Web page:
Pop in your details to gain access to your Adnams account.
Forgot your password
Added to your cart
By Fergus Fitzgerald , also posted in News on 23/04/20
It’s a strange time to be talking about our 2019 Wild Hop beer for a couple of reasons, firstly it’s a very strange time for us all and secondly, it’s arriving much later than normal. We would normally package the beer in October but due to some issues with getting packaging slots this past winter, we had to delay it. So we took all the lovely hops people had picked in September and October last year and froze them until we could brew the beer, we also decided to move it into can and it eventually got it packaged it in late February.
We were then going to launch it in late March but …well you know what happened next.
Wild hop is a beer we first started making in 2014, the idea is simple, if a little chaotic. We ask people to pick hops growing in their gardens or in their fields, or wherever they have permission to pick them and we add them all together. Harvest is generally in September, whenever the hop cones crinkle like tissue paper when you rub them between your fingers.
We always ask that the cones are picked off the bine rather than just cutting off the bine and sending the whole plant to us. This is less about the plant, as the root stock will recover, regrow again and crop again the following year, and more about the space a box of hop bines takes up, and about the many hours spent picking the hops off at the brewery. That said, no donations are refused by our team. We also ask that the hops are picked where the picker knows that no pesticides have been used on them (we do get it tested as well, can’t be too safe). And finally it’s always good to leave some hops on the plant, although bees are usually not interested in the hops, some caterpillar species do like them and the bines and leaves provide a habitat for other insects to hide amongst.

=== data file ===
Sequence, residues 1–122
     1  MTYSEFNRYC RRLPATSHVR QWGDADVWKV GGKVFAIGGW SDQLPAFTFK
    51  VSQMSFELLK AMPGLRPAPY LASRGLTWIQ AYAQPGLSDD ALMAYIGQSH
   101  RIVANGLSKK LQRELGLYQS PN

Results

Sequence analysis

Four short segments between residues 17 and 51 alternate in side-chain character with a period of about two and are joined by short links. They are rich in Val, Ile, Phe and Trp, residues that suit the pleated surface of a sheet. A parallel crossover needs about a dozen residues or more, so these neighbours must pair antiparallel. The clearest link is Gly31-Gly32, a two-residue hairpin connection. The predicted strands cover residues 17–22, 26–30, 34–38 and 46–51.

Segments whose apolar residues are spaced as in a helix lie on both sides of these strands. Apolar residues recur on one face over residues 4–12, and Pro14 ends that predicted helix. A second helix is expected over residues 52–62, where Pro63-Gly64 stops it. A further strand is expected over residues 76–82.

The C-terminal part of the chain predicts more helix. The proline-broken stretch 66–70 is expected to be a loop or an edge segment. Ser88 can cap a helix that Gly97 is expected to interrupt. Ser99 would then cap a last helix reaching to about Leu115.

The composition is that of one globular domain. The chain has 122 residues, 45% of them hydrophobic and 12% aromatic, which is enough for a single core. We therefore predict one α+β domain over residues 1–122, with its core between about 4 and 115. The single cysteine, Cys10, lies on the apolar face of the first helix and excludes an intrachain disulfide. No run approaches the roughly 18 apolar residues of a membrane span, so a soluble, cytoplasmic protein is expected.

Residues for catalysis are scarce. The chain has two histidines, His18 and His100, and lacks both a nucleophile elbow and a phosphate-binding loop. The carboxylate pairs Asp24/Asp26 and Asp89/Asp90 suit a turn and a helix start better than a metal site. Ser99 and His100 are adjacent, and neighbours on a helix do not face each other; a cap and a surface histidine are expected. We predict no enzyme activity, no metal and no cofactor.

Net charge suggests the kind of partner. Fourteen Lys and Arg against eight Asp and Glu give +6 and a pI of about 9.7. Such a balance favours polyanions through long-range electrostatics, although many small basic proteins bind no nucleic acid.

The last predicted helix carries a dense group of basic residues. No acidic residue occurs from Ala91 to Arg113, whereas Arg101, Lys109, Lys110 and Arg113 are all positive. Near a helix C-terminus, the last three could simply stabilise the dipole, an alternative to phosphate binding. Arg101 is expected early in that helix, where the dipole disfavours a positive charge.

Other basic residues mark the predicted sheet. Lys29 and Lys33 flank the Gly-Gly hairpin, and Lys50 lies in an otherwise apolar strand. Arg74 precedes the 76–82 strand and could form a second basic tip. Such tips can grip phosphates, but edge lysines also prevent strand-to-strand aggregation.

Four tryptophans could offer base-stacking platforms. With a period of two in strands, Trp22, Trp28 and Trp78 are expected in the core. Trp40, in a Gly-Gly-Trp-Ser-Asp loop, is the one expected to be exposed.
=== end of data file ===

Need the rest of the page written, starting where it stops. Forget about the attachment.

As well as being wild/garden hops, the beer is also what is often called a wet, or green hop beer. Usually to help preserve hops after harvest they are dried in a kiln. This heating process, although controlled, will also change some of the flavours in the hop. For Wild Hop, the hops aren’t dried. Depending on the time between when they are delivered and when we brew with them, we do freeze them, but that still preserves that green hop character.
The reason we first started doing this beer was to celebrate the new harvest and to get people involved in the ingredients and the brewing process, and we’ve been overjoyed that so many people wanted to donate hops. For that reason alone, it's one of my favourite beers. But I also enjoy it for another reason.
For most of our beers we are trying to make the flavour consistent from batch to batch, so you know what you’re going to get when you taste each beer. But the raw materials are different from batch to batch, yeast will react differently due to minute variations in those raw materials and the variations in temperature, oxygen levels and even light intensity will change beers in varying ways. Usually these changes are small, but we spend a lot of time looking for those changes and working out how to control them too.
For this beer we simply take your hops, and let the season shine through. We let go of that, ultimately foolish, belief that we can control everything, concentrate on the bits we can and embrace the unknown. Once the beer is packaged, we have always held a party for our hop pickers to come together and taste what they have helped us brew. We can’t do that right now, so we are sending out a case to our hop pickers to enjoy. If that’s you please send us a picture of you enjoying what you helped create to email@example.com. If that’s not you then maybe get involved later this year when we can celebrate hop harvest for all sorts of new reasons.
Adnams Head Brewer
Wild Hop is avaible online in 330ml cans here
Above are some pictures from our 2014 and 2016 harvest.